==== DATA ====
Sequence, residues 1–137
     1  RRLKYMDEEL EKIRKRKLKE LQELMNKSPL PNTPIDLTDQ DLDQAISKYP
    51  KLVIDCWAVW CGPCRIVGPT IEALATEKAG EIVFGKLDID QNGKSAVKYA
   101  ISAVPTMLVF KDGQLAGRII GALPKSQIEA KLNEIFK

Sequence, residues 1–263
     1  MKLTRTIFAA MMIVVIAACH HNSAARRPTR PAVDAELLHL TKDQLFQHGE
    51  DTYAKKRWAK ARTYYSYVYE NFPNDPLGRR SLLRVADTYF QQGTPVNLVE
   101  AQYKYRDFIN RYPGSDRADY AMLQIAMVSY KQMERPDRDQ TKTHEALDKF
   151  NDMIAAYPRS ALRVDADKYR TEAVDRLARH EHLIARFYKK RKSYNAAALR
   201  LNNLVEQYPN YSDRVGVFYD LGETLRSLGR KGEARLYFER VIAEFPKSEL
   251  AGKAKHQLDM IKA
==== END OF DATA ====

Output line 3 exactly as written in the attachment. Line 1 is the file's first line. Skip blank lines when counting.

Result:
    51  KLVIDCWAVW CGPCRIVGPT IEALATEKAG EIVFGKLDID QNGKSAVKYA